Awareness and the Use of Mobile Phones for Market Linkage by Smallholder Farmers in Kenya

Awareness and the Use of Mobile Phones for Market Linkage by Smallholder Farmers in Kenya

Julius Juma Okello (University of Nairobi, Kenya), Ruth M. Okello (Michigan State University, USA) and Edith Ofwona-Adera (International Development Research Center, Kenya)
DOI: 10.4018/978-1-60566-820-8.ch001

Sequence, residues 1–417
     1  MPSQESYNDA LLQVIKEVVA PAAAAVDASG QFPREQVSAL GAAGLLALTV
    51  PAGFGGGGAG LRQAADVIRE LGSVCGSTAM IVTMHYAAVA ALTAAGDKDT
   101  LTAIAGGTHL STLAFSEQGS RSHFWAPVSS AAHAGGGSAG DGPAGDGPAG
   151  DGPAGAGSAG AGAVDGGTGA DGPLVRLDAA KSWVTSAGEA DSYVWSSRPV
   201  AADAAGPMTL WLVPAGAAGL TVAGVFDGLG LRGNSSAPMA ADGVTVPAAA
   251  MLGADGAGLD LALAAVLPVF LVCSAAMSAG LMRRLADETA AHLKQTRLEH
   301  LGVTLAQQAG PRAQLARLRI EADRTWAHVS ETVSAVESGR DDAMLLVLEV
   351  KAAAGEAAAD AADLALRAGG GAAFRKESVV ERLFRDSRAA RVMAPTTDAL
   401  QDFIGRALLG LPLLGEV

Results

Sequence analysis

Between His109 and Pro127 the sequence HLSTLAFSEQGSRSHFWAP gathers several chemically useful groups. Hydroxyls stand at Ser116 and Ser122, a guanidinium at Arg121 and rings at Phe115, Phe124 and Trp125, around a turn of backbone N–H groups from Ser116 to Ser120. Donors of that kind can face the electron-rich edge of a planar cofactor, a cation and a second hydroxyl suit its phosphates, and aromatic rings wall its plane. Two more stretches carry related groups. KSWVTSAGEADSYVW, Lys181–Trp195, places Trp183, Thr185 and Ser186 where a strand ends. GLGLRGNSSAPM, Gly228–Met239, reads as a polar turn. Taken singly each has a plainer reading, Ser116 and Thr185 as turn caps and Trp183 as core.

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In many developing countries smallholder farmer participation in agricultural input and output markets continues to be constrained by lack of market information. Actors in most developing country markets operate under conditions of information asymmetry which increases the costs of doing business and locks out smallholder farmers. Attempts to address this problem are currently focusing on the use of ICT technologies to provide market information and link farmers to markets. This study examines the awareness and use of one such technology – mobile phones. It finds for male and female smallholder farmers in Kenya a high level of awareness and widespread use of mobile phones, mainly for social purposes. This study further finds that a low level of education, the cost of mobile phone airtime recharge vouchers and the lack of electricity for recharging phone batteries are the major impediments to the ownership and use of mobile phones, with female farmers more constrained than males. A high awareness of mobile phones among smallholder farmers presents an opportunity to strengthen smallholder farmers’ market linkage. However constraints to the usage of mobile phones will need to be addressed. The study findings indicate priorities for policymakers dealing with the specifics of ICT adoption as a tool to promote rural viability via rationalization of Kenyan agricultural markets.